Poll: Most unvaccinated have no intention of getting a shot

(AP Photo/Will Kincaid,File)

Even if Joe Biden succeeds in sending people door to door with needles and vials, a new poll from the Associated Press indicates that a vast majority of America’s unvaccinated citizens will be responding with the same answer. That’s going to be a hard “nope.” These results support anecdotal evidence we’ve been seeing in various reports for the past couple of months. We’re clearly not seeing a situation where people are having trouble getting a shot if they want one. Four out of five unvaccinated respondents said that they will either definitely not be rolling up their sleeves or they are unlikely to do so. Conversely, only three percent said they definitely planned to get a shot at some point but haven’t gotten around to it for some reason.

Most Americans who haven’t been vaccinated against COVID-19 say they are unlikely to get the shots and doubt they would work against the aggressive delta variant despite evidence they do, according to a new poll that underscores the challenges facing public health officials amid soaring infections in some states.

Among American adults who have not yet received a vaccine, 35% say they probably will not, and 45% say they definitely will not, according to a poll from The Associated Press-NORC Center for Public Affairs Research. Just 3% say they definitely will get the shots, though another 16% say they probably will.

An 80 to 19 disparity isn’t even close. And the split between “definitely” and “maybe” leans toward the extremes as well. 35% are saying they “probably” won’t get the shot, but 45% are drawing a line in the sand. And among those who are still leaning toward being vaccinated, respondents were more than five times as likely to say “probably” than “definitely,” indicating that they still haven’t made up their minds.

One clear reason given for taking a pass on the vaccinations is that most of these people simply don’t believe that the vaccinations will be effective, particularly against the Delta variant. 64% of unvaccinated Americans registered “little to no confidence” that the vaccines will save them from Delta or the other new variants. That figure is really at odds with most of the results provided by the CDC. We’re seeing more breakthrough cases among vaccinated people than was originally predicted, but they’re still vastly less likely to die or wind up in an ICU bed than the unvaccinated.

Speaking of the CDC, am I the only one getting the impression that the agency’s complete inability to promote a consistent, transparent message is what’s shooting them in the foot? Getting information out to the public during a crisis is an important responsibility shared by both the government and the media, but it has to be done in an accurate, consistent fashion. If we didn’t have Fauci moving the goalposts every five minutes and media mavens going back and forth on whether masks are needed or not, perhaps people would have a bit more confidence in the information they’re receiving. If you want people to have faith in your decisions you need to at least make some sort of effort to convince us that you actually know what the hell you’re talking about.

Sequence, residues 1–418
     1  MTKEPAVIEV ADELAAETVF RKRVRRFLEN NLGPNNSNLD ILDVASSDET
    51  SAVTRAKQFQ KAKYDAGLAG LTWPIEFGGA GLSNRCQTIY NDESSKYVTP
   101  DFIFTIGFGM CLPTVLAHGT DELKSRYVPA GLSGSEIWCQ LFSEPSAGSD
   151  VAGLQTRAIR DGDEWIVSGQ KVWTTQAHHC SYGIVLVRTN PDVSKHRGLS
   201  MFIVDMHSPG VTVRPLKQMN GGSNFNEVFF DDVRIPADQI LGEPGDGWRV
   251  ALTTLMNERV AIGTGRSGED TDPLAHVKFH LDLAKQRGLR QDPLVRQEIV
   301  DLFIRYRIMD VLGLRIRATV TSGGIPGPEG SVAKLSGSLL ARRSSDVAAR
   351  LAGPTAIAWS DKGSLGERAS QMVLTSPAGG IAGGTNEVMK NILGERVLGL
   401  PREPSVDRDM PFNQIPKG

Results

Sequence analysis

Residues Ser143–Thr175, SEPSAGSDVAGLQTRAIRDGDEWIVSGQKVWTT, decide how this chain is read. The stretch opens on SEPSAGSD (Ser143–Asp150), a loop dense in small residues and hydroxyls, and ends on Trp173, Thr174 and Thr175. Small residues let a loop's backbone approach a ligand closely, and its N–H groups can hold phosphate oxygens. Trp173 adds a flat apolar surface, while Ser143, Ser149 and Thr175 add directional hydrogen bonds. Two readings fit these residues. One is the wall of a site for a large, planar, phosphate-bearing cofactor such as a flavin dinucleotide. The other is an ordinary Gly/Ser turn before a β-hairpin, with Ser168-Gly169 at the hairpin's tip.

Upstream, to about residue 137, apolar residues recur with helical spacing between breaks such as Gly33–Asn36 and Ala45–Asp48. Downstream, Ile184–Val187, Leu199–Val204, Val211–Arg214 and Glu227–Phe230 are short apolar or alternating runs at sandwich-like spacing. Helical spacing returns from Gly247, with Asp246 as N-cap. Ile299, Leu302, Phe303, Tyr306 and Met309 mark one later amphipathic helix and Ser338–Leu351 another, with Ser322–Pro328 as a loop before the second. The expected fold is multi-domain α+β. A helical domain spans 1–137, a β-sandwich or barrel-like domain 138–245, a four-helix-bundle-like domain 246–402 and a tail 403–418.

It seemed inevitable from the beginning that this debate was going to become politicized. (Because everything is these days.) While the majority of those taking a pass on being vaccinated are raising justifiable questions about the efficacy and long-term safety of the shots, there have been some conspiracy theories cropping up (secret nanochips being an example) that are worrisome. Meanwhile, primarily among liberals, vaccines and masks have become the equivalent of religious totems. If you don’t wish to roll up your sleeve or cover your face, you are a minion of evil trying to kill everyone else for your own secret, sinister reasons.

This is now clearly a situation where we’re no longer talking about a problem of “reaching” enough people to get them vaccinated. Anybody who wants a vaccination has to do little more than raise their hand and people will literally be rushing to their doorstep to give them a shot. Forcing people to receive unwanted medical treatment is a tyrannical move. More than half of the eligible people in the country are vaccinated at this point and that may be the number we’re going to be stuck with for the foreseeable future. As for the rest, as I’ve said here repeatedly, they will likely encounter some version of the virus sooner or later. 99% of those people will survive and develop their own antibodies. This really doesn’t need to turn into a civil war.